Figure 5

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Ionic devices based on ion gel. (a) Scheme of the capacitive press sensor based on ion gel. (b) Photographs of cylindrical ion gel capacitive sensor. The gel electrodes were coated with transparent insulating rubber layer PDMS. (c) Capacitance change versus time plot with different press stimuli. (d) Photographs of ion gel-based flexible LED device. (e) Photographs of ion gel-based electroluminescent device, original (left) and after storing (right) in air for 1 month. (f) Photograph of hydrogel-based electroluminescent device after storing in air for 1 day; the device lost uniformity of luminescence as well as flexibility. (g) Ion gel cable in water environment at different temperatures; the ion gel cable was quite stable at such harsh conditions.

3. Discussion

The designed ion gel possesses unique characterization of hydrophobicity, humidity insensitivity, wide working temperature range, high conductivity, considerable stretchability, and high transparency, which is among the best-performing ionic conductors ever developed for flexible iontronics.

4. Materials and Methods

4.1. Synthesis of the Ion Gels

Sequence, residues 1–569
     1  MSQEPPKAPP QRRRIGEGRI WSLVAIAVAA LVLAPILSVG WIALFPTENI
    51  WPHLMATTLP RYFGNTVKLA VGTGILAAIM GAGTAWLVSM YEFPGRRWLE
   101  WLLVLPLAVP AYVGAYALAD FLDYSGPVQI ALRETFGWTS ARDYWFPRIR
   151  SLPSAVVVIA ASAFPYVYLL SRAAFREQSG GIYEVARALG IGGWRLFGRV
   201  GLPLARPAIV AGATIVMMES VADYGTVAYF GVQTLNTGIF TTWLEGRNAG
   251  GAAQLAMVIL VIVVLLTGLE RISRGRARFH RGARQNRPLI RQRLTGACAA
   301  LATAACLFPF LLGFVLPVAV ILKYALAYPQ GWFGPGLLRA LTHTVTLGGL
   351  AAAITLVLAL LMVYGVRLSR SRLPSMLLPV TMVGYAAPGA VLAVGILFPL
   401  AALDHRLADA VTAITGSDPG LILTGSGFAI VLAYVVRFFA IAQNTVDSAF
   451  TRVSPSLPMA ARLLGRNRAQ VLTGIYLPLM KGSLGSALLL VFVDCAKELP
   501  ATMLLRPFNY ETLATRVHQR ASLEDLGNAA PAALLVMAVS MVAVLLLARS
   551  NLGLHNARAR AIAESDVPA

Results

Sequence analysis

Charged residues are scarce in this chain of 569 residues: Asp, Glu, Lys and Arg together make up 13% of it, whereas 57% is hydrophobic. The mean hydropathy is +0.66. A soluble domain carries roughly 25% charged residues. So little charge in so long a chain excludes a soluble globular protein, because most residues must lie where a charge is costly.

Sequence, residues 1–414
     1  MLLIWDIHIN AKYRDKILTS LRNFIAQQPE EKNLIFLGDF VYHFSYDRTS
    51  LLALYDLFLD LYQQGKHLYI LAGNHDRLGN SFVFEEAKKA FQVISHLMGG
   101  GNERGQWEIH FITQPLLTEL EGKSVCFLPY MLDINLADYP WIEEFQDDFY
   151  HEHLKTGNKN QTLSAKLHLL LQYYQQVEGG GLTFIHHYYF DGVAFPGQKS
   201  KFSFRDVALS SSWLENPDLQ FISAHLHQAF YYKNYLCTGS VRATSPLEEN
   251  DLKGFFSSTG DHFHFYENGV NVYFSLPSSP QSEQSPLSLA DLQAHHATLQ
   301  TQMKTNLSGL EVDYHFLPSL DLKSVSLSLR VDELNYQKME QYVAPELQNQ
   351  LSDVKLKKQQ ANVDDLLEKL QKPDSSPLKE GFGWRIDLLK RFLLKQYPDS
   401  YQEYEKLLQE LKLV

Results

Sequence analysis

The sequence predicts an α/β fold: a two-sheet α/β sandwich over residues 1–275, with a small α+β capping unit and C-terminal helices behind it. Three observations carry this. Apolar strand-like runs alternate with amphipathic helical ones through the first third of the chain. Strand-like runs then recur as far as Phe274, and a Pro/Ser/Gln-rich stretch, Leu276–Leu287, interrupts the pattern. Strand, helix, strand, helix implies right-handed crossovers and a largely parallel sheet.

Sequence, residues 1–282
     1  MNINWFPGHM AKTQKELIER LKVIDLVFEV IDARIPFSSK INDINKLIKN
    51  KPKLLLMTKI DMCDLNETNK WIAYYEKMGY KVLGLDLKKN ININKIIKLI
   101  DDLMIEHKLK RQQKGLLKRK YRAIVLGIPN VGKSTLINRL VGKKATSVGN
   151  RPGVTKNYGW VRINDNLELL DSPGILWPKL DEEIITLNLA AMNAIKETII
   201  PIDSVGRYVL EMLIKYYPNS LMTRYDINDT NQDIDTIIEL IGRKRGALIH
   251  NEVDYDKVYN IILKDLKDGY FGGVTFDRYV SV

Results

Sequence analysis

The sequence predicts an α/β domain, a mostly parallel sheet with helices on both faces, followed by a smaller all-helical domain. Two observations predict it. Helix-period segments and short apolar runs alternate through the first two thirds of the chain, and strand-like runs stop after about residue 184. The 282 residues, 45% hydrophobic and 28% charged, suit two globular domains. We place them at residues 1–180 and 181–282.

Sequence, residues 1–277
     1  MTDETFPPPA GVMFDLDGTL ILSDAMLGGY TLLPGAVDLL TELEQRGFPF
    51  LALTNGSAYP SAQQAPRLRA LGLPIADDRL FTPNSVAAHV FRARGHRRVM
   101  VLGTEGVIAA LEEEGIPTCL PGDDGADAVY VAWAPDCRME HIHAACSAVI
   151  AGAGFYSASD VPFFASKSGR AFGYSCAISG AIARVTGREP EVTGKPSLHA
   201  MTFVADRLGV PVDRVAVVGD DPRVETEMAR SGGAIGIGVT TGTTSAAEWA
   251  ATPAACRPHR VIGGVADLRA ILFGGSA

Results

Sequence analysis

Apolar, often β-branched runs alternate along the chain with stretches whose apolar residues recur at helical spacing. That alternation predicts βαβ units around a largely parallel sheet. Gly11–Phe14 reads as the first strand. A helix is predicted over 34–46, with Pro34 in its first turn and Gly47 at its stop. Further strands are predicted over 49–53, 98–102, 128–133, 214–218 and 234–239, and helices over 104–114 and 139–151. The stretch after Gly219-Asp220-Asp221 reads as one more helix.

Firstly, ionic liquid [BMMIm][TFSI] (99%, Linzhou Keneng Material Technology Co. Ltd., China), monomer EA (99%, Aladdin), crosslinker PEGDA (average Mn 575, Sigma-Aldrich), and photoinitiator 184 (98%, Aladdin) were intensively mixed to form a transparent precursor solution. Then, the solution was injected into a release film-coated glass mold. After being irradiated with ultraviolet light (365 nm, 400 W power) for 10 min, the ion gel was cured. The molar percentage of photoinitiator 184 to EA was 1% throughout the entire experiment, and the crosslinker content was varied from 0.1% to 1% (molar percentage to EA). Different polymer content samples were synthesized by adjusting the volume ratio of [BMMIm][TFSI] and EA. For example, the precursor composition of a typical 40% polymer content ion gel was as follows: 20 ml EA (0.188 mol), 0.384 g photoinitiator 184 (1% molar percentage to EA), 0.216 g PEGDA (0.2% molar percentage to EA), and 30 ml [BMMIm][TFSI]. Obtained ion gels were put in a vacuum drying oven at 100°C for 2 h to remove the stench.